Metabolic Risk and Health Behaviors in Minority Youth at Risk for Type 2 Diabetes

Yale University School of Nursing, New Haven, Connecticut, USA.
Diabetes care (Impact Factor: 8.42). 01/2011; 34(1):193-7. DOI: 10.2337/dc10-1197
Source: PubMed


The purpose of this study was to determine the impact of sex and race/ethnicity on metabolic risk and health behaviors in minority youth.
A total of 173 seventh graders (46% male and 54% female; 49% Hispanic and 51% African American) with BMI ≥85th percentile and a family history of diabetes were assessed with weight, height, BMI, percent body fat, and waist circumference measures. Laboratory indexes included 2-h oral glucose tolerance tests with insulin levels at 0 and 2 h, fasting A1C, and lipids. Insulin resistance was estimated by homeostasis model assessment (HOMA-IR). Youth also completed questionnaires evaluating health behaviors.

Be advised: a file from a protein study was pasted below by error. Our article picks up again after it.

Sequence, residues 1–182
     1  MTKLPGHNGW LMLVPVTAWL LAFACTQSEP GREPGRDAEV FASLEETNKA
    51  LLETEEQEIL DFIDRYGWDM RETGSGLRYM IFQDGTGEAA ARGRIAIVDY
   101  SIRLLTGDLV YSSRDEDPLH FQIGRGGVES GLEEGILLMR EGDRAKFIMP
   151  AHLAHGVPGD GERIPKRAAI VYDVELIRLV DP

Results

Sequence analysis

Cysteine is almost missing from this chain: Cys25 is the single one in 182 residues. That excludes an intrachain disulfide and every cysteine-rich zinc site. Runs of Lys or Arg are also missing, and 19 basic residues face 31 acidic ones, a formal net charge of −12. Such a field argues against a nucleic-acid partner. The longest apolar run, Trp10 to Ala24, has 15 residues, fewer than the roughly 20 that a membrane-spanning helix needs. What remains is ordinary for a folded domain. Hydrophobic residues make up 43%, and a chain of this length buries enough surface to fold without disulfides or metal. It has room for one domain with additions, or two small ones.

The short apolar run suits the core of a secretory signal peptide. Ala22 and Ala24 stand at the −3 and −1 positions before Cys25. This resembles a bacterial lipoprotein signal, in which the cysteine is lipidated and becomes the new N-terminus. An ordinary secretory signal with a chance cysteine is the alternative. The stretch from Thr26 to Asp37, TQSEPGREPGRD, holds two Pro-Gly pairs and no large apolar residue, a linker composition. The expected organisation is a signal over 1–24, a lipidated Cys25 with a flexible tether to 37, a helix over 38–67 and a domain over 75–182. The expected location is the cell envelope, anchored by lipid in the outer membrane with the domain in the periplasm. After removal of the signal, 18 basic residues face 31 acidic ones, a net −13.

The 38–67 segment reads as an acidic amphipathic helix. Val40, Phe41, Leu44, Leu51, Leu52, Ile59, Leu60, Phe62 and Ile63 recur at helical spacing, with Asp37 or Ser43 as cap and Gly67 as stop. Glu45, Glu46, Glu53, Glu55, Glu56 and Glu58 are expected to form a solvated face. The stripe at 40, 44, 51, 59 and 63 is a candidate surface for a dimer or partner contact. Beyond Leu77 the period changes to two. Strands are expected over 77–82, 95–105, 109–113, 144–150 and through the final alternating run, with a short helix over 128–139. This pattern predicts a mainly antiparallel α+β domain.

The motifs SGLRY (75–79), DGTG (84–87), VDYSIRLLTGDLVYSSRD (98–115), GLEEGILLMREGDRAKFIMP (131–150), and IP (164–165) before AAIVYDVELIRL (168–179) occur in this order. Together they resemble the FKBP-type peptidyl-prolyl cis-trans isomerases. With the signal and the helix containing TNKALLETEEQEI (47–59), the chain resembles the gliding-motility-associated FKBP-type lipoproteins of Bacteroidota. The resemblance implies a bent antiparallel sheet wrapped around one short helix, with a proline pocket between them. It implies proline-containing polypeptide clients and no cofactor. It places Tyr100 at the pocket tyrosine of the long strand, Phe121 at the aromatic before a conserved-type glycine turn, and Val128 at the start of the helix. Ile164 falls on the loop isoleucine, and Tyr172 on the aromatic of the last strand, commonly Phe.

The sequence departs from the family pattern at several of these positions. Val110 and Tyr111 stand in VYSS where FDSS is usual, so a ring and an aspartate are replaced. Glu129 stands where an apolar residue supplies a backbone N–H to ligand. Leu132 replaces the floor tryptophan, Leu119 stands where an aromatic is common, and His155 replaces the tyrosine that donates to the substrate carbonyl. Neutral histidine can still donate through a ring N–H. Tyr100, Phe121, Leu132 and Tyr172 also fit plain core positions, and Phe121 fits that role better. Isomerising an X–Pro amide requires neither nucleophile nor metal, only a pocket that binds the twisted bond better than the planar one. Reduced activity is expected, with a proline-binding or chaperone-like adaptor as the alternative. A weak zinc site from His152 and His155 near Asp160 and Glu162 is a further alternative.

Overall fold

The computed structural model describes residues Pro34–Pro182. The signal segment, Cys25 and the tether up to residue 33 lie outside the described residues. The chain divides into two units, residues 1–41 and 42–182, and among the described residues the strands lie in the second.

Average BMI (31.6 ± 6.4 kg/m²) and percent body fat (39.5 ± 10.6%) were high. All participants demonstrated insulin resistance with elevated HOMA-IR values (8.5 ± 5.2). Compared with African American youth, Hispanic youth had higher triglycerides and lower HDL cholesterol despite similar BMI. Hispanic youth reported lower self-efficacy for diet, less physical activity, and higher total fat intake. Male youth had higher glucose (0 and 2 h) and reported more physical activity, more healthy food choices, and higher calcium intake than female youth.
Screening high-risk youth for insulin resistance and lipid abnormalities is recommended. Promoting acceptable physical activities and healthy food choices may be especially important for Hispanic and female youth.

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